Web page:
There are many different types of viruses, bacteria, or toxic chemicals that can lead to food poisoning outbreaks. Hepatitis A is one of the less common foodborne illnesses, but it still affects tens of thousands of people each year in the United States. This disease can be very dangerous, and those who have been affected will want to consult with an attorney to determine their options for recovering financial compensation from the person or establishment that was responsible.
What Makes Hepatitis A Different From Other Foodborne Illnesses?
Most foodborne illnesses affect the gastrointestinal system, and people will often begin experiencing symptoms within a few hours after eating contaminated foods. However, Hepatitis A attacks the liver, and symptoms will take longer to appear. Usually, a person will begin experiencing symptoms between 15 and 50 days after the contamination occurred. This can sometimes make it difficult to identify the source of the contamination.
Symptoms of Hepatitis A include abdominal pain, nausea, vomiting, and fatigue, which may be similar to the symptoms of other types of foodborne illnesses. However, victims may also experience jaundice in which they have a yellow tint to their skin and eyes, dark-colored urine, and pale-colored stools. This indicates that a person’s liver has been affected. Severe infections can cause serious damage to the liver, which could be fatal.
Hepatitis A is a highly infectious disease, and it is often spread through close person-to-person contact, including sexual contact or sharing intravenous drug needles. It can also be spread through the stool of a person who is infected, such as when someone who works in a restaurant does not fully wash their hands after using the bathroom. Food may also become contaminated with Hepatitis A when it is grown, harvested, processed, handled, or shipped. This is less likely to happen in the United States, but fresh or frozen foods that are shipped to the U.S. from other countries may be contaminated. Foods that have been linked to Hepatitis A outbreaks in the past include raw fruits and vegetables and shellfish. If these foods are not properly washed and cooked before being served to customers, people may contract dangerous infections.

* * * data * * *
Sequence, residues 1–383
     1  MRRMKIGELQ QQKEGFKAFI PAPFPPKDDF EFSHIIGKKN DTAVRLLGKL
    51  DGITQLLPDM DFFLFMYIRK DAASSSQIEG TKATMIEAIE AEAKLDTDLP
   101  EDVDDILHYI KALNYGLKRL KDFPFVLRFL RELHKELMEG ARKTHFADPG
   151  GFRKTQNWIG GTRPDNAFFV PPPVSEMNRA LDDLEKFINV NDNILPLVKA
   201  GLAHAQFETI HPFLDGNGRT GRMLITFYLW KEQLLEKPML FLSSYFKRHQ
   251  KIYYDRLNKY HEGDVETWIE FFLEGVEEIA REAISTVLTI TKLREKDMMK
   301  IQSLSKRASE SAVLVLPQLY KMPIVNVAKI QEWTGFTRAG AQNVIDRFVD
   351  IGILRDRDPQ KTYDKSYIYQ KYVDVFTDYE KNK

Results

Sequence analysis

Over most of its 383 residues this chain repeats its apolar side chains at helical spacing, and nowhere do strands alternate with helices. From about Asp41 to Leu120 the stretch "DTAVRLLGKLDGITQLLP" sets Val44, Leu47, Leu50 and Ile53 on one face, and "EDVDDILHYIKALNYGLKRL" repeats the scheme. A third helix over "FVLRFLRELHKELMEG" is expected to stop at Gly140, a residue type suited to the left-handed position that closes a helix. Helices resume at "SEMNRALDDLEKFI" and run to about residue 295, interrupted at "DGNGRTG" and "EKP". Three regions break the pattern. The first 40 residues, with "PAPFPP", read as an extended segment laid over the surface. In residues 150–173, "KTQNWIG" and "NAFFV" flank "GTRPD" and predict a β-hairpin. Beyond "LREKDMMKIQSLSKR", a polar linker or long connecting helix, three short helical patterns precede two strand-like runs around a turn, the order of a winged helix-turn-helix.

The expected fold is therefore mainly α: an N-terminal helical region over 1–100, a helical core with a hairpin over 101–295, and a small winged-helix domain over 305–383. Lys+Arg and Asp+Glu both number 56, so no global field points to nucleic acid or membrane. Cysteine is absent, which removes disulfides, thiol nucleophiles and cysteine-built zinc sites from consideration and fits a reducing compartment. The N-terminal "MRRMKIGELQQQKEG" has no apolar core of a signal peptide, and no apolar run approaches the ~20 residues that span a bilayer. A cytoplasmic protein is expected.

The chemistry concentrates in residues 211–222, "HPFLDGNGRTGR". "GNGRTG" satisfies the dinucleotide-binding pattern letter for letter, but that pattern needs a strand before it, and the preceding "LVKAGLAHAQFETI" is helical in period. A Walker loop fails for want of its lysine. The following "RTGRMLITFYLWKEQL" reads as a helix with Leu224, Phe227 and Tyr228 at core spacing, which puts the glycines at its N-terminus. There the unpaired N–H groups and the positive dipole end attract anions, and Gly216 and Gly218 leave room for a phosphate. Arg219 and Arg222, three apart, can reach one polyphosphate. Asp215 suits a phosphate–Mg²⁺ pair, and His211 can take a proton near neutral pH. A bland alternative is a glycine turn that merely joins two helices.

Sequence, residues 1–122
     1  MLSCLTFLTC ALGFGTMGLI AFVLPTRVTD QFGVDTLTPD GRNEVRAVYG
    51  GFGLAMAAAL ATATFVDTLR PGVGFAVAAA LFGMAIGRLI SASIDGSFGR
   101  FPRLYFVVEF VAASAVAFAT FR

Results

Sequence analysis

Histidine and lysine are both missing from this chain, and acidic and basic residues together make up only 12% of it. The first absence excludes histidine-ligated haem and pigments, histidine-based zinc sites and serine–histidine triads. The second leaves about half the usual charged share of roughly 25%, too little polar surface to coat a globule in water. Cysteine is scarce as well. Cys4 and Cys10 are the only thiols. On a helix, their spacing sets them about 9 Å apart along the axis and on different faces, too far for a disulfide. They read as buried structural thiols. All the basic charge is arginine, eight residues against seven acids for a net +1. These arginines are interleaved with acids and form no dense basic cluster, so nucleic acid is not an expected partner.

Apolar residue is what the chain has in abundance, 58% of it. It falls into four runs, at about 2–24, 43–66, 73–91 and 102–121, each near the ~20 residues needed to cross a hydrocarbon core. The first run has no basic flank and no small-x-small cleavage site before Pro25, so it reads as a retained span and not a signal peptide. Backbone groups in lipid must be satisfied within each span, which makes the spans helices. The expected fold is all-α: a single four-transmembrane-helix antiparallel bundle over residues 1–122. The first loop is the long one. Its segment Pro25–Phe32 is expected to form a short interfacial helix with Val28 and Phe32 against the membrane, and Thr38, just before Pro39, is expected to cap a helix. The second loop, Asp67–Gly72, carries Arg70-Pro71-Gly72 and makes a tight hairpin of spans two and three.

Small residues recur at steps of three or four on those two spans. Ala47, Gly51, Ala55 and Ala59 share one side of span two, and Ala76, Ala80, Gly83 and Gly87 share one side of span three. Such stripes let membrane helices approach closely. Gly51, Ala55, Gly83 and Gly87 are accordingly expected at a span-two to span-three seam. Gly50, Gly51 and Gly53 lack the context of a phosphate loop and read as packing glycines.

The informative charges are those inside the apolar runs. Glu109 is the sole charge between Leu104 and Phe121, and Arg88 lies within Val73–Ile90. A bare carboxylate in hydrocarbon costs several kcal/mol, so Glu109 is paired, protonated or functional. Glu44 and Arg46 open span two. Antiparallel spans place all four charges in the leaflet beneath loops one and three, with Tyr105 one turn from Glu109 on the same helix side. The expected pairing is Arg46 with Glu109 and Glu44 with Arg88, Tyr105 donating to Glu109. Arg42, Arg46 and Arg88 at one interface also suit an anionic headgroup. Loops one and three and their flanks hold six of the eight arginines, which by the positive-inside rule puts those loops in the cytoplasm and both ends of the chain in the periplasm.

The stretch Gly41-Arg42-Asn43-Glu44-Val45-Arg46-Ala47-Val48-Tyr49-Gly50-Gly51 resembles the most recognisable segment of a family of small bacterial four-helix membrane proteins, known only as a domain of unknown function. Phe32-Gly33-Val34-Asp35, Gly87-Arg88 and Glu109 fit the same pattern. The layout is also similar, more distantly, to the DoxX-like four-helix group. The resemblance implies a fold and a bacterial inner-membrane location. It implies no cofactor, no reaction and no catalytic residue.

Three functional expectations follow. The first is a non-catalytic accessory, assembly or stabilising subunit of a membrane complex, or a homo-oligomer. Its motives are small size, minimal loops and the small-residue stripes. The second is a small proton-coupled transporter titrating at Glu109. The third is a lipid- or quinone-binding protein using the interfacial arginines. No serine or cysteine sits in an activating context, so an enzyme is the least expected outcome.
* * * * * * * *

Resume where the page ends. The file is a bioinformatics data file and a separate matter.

Contact Our Illinois Hepatitis A Food Poisoning Attorneys
A Hepatitis A infection can be very dangerous, especially for people who have chronic liver disease, HIV, or other health conditions. To prevent the possibility of customers being harmed by this virus, restaurant workers should always follow the correct sanitary procedures, including washing their hands, cleaning surfaces and utensils used to prepare food, avoiding cross-contamination when food is stored, and fully cooking food to the proper temperature. If you have contracted Hepatitis A, Newland & Newland, LLP can help you determine whether a restaurant or other food service facility was responsible, and we will help you take legal action to receive financial compensation for all of the ways you have been affected. Contact our Illinois foodborne illness injury lawyers at 312-981-0409 to set up a free consultation today.